President Biden Starts Implementing His Immigration Policies

Joseph R. Biden, Jr. was sworn in today as the 46th president of the United States, and he has already begun the process of undoing Trump’s immigration policies. To start with, by the end of the day, President Biden will have signed several executive orders related to immigration. Moreover, he has proposed a major immigration bill to Congress that, if passed, would provide a number of major benefits to foreign nationals seeking to become lawful permanent residents (i.e., “green card” holders).

Executive Orders

The following are brief summaries of the immigration-related executive orders President Biden is signing today:

  • End of “Muslim Ban” – Effective immediately, the travel ban Trump enacted, which applied primarily to various Muslim majority countries, is no longer in effect.
  • Protection for “Dreamers” – President Biden ordered the Department of Homeland Security (DHS) and the Department of Justice (DOJ) to take action to protect the Deferred Action for Childhood Arrivals (DACA) program, which provides immigration protections for undocumented immigrants brought to the United States as children.
  • New Priorities for Immigration Enforcement – Per President Biden, the U.S. Department of Homeland Security and other federal agencies will set new priorities for enforcement efforts. This likely will result in a shift in focus to undocumented immigrants who also have criminal convictions.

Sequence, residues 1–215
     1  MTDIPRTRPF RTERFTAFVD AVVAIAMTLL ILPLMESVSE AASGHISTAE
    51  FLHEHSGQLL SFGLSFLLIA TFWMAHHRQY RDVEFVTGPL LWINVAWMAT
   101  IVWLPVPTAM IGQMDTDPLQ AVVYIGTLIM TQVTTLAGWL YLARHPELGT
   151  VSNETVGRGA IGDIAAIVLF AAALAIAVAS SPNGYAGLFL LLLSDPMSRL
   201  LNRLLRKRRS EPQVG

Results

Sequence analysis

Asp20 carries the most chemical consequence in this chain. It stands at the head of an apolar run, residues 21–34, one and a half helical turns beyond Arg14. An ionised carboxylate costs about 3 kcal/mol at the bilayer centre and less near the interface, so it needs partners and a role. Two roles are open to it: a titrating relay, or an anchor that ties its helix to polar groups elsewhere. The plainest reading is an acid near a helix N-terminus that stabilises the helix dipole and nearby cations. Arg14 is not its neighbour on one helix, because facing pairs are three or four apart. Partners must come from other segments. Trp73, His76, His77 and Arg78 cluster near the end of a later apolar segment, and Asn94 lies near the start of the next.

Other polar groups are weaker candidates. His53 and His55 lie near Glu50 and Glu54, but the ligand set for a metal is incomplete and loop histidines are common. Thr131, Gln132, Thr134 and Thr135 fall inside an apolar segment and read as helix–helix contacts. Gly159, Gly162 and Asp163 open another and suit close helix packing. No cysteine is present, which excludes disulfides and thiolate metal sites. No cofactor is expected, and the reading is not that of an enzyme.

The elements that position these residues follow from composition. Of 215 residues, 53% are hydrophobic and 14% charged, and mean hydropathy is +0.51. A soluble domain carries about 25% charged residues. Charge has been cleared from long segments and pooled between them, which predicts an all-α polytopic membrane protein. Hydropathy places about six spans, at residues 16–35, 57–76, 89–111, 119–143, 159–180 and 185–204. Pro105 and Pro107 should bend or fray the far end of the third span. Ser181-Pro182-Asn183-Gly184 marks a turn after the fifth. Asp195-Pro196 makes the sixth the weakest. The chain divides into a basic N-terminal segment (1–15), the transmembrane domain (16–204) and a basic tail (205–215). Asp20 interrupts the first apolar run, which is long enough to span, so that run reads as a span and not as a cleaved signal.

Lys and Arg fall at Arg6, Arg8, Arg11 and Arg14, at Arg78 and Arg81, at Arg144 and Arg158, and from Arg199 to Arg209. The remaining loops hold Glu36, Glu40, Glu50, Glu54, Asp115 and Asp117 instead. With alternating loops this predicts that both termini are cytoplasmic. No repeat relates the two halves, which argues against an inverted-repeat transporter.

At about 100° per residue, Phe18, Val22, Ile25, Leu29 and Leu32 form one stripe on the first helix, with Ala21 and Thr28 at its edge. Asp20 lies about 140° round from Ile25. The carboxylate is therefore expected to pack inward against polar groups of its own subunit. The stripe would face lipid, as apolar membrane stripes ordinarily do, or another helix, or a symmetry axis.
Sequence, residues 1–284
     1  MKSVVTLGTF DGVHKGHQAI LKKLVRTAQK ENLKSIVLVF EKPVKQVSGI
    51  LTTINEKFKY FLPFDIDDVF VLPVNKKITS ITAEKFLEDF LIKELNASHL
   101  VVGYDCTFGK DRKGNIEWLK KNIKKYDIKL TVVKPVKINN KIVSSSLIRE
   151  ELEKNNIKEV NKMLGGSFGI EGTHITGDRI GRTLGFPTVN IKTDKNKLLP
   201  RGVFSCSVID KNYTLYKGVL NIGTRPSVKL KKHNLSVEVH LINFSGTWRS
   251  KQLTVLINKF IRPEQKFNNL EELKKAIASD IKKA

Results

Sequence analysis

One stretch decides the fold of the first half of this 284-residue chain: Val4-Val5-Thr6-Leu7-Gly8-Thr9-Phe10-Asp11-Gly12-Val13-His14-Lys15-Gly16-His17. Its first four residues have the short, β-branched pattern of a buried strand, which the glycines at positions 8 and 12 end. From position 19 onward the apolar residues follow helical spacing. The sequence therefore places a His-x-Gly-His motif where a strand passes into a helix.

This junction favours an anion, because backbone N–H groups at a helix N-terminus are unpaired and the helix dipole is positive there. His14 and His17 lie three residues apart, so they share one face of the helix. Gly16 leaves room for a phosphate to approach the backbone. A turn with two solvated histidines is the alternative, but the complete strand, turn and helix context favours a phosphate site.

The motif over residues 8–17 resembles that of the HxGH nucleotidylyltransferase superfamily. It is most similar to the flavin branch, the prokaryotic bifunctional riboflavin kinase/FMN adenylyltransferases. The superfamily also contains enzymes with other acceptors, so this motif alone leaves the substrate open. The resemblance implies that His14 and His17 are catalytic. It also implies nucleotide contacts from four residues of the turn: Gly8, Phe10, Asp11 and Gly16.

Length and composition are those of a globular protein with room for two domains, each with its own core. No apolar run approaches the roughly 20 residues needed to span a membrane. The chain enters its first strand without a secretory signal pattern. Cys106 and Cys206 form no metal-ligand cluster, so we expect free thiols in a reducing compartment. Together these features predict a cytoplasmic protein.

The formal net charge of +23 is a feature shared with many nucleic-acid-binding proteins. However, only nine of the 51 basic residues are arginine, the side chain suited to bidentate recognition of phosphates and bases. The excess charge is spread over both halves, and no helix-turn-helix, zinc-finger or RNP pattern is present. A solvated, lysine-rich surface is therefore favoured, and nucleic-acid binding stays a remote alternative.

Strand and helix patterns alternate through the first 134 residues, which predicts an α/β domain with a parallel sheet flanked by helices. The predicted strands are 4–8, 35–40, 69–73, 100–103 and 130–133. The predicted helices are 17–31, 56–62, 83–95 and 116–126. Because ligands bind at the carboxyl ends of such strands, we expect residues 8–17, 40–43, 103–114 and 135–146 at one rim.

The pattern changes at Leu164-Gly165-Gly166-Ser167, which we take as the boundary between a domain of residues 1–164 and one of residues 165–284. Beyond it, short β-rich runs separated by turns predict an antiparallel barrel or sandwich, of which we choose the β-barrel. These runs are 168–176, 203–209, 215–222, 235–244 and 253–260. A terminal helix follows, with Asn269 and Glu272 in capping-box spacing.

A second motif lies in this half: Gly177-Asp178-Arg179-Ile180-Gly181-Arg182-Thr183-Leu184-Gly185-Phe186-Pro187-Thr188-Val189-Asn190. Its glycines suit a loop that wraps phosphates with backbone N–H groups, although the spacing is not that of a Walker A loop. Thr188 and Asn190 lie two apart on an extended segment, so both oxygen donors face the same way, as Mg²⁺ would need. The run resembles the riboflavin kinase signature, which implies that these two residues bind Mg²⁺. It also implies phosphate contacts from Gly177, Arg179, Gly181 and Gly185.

• Deferred Enforced Departure (DED) for Qualifying Liberians – President Biden is extending the DED designation for qualifying Liberians until June 30, 2022.
  • End of New Border Wall Construction – President Biden is putting an end to Trump’s unsuccessful efforts to erect a border wall covering the entire U.S.-Mexico border.

Proposed Immigration Reform Bill

President Biden is asking Congress to swiftly pass a bill that would transform the U.S. immigration process. While the bill covers many aspects of U.S. immigration policy, what follows is a brief summary of some of the key proposed provisions:

  • Provide a path for U.S. citizenship for undocumented immigrants;
  • Take various steps to eliminate backlogs of family-based green cards, including recapturing unused visas and increasing per-country caps;
  • Take various steps to eliminate backlogs of employment-based green cards, including recapturing unused visas and eliminating the per-country cap for employment-based green cards;
  • Provide H-4 dependents with work authorization and prevent dependent children from aging out.
  • Provide the DHS with the authority to adjust the number of green cards available each fiscal year based on economic conditions.


President Biden has many significant challenges to face. It is unclear how much of a priority immigration reform will be for the new administration. But, at the very least, there is reason to believe that U.S. immigration policy will be more favorable to foreign nationals than it was the previous four years.


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